Gaiwan is elegant ancient design from the 13th Century.

Literally meaning, bowl with a lid, the vessel comprises of three parts, the lid, bowl, and saucer. Each has a meaning:

  • the Saucer symbolises the Earth;
  • the Bowl represents People;
  • the Lid stands for the Sky.

Together, gaiwan forms the ultimate harmony between man and nature. The harmonious balance of the three sections helps with heat retention, drip-free or perfect pouring, and ease of brewing. Among tea enthusiasts, gaiwan is perfect for appreciating the aromas of fragrant teas and excellent for brewing for one or a group.

Buddhist monks have been enjoying teas as a way to meditate and practice mindfulness for thousands of years. Gaiwan brewing allows you to find a moment to slow down and focus on the tea, awaken your senses, and be present. Enjoy our hand-picked aged teas yourself and the immediate calmness you feel.

What do you need?

Gaiwan, tea cups, pitcher, tea ceremony

1. Gaiwan

2. Bowl or a tea tray

3. Spoon 

4. Serving pitcher

5. Strainer (optional)

6. Teacups



1. Heat water 

Heat water, preferably fresh/mineral water, to the recommended temperature on your product instruction card. Our tea products are best brewed at close to, if not at, boiling temperature (100°C / 212°F) as our collection features black aged teas. 

2. Measure tea leaves

We recommended 1 teaspoon (approx. 3g) of tea leaves per 120ml water, or just over 2 teaspoons (approx. 7g) for the Gong-fu method.

Like the right seasoning can take your cooking to the next level, we encourage you to start with the recommended brewing and experiment to find your perfect cup of tea. Some of you may, myself included, like more powerful teas, we recommend that you slowly increase the tea amount.

Plain white teaware like a gaiwan works best for tea tasting as it allows you to easily observe the leaves and the brew colour against its white background.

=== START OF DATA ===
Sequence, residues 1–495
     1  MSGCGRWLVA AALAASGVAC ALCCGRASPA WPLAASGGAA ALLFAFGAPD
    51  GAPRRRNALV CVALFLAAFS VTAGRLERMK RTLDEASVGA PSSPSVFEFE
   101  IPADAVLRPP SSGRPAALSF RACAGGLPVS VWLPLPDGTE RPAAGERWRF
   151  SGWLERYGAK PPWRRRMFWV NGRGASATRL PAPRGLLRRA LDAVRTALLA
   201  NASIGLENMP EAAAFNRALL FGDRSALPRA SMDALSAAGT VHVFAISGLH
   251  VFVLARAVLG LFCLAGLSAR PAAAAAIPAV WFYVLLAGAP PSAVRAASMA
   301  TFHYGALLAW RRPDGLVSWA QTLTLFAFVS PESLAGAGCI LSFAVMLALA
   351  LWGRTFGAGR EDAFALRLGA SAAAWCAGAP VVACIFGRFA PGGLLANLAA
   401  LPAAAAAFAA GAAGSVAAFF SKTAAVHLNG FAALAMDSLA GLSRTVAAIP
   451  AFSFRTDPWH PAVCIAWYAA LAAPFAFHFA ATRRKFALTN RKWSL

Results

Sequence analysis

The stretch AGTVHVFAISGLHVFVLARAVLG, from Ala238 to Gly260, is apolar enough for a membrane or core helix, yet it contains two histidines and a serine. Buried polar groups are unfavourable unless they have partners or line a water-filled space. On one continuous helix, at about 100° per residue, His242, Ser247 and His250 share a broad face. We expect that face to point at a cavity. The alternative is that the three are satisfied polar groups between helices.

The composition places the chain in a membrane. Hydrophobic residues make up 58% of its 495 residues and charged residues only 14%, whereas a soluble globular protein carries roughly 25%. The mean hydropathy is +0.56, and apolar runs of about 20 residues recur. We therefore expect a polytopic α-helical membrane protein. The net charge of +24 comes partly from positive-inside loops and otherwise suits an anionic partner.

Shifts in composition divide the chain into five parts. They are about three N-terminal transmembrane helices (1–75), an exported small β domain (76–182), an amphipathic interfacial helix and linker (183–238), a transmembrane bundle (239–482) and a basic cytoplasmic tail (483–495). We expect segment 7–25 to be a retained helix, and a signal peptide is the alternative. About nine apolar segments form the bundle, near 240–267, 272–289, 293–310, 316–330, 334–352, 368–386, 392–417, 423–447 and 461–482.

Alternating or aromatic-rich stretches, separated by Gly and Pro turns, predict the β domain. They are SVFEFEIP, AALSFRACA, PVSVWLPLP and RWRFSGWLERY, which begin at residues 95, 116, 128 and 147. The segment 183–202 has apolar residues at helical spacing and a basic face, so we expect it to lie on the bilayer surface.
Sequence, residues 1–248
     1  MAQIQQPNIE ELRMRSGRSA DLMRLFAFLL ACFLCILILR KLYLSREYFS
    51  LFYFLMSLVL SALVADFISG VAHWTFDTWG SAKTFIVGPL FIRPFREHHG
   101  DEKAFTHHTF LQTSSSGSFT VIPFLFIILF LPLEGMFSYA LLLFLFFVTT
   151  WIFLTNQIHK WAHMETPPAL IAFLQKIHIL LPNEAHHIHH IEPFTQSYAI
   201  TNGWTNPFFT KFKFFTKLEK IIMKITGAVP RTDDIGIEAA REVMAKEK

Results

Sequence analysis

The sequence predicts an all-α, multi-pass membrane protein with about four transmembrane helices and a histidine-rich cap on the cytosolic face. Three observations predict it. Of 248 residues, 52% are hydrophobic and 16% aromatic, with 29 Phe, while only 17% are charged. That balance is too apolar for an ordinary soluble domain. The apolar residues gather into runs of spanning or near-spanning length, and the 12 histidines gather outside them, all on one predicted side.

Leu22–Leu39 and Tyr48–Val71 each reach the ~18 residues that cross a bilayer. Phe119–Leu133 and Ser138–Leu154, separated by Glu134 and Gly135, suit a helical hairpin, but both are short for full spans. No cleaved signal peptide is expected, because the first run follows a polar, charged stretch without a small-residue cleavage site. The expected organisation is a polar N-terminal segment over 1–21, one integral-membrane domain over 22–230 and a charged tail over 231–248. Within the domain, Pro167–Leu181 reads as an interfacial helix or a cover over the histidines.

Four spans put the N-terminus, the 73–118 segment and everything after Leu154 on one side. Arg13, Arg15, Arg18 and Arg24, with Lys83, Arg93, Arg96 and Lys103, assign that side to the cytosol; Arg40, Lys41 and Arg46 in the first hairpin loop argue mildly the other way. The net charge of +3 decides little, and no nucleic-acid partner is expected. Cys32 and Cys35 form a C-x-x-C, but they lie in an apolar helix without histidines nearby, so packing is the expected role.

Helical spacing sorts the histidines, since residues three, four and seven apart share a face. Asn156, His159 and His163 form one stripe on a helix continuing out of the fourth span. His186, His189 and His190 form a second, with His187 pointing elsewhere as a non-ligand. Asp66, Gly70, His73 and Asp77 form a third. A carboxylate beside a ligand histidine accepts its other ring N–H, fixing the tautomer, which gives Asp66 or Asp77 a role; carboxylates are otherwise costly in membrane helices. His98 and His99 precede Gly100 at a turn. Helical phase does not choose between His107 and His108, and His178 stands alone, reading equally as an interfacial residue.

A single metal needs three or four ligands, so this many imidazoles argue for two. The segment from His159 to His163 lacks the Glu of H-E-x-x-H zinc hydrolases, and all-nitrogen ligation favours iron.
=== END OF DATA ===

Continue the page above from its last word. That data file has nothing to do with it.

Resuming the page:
3. Awaken leaves and warm teaware

Pour hot water to just cover the leaves to awaken the tea leaves. This opens up the leaves, especially for aged teas. Immediately pour the water into teacups and pitcher (optional) to warm the teaware. Discard the remaining water into a bowl or a tea tray.

Do you know? Serving pitcher allows for full and more consistent extraction of flavours. If you are brewing tea for an individual indulgence, you can skip the pitcher and pour directly into your tea cup.

4. Infuse

Add hot water onto sides of the gaiwan, to just below the rim. Covering the lid to seal the aromas. Steep for the recommended infusion time on your product instruction card. We recommend infusion time of 45 – 60 seconds and adjust depending on your personal preference and number of brews.

5. Decant

Decant tea from gaiwan to a pitcher, tea ceremony

Tilt the lid slightly to the side to create a small opening with the cup. Hold the saucer with three fingers, index finger on the lid and your thumb on the side of the rim. Place a strainer (optional) on your pitcher or tea cup. Decant the brew over the strainer (optional) and/or into your pitcher or tea cups.

Serve and Enjoy!

Serve tea from a pitcher, tea ceremony

6. Re-brew and re-steep 

Our teas are designed to be refilled, re-steeped, and re-used. Repeat Steps 4 and 5. Remember to keep the water heated at the recommended temperature. We recommend to increase brewing time by 10 – 20 seconds for each subsequent brew. Our tea range should brew 5 to 8+ times. Enjoy subtle changes of flavours and aromas over infusions as the tea unfurls.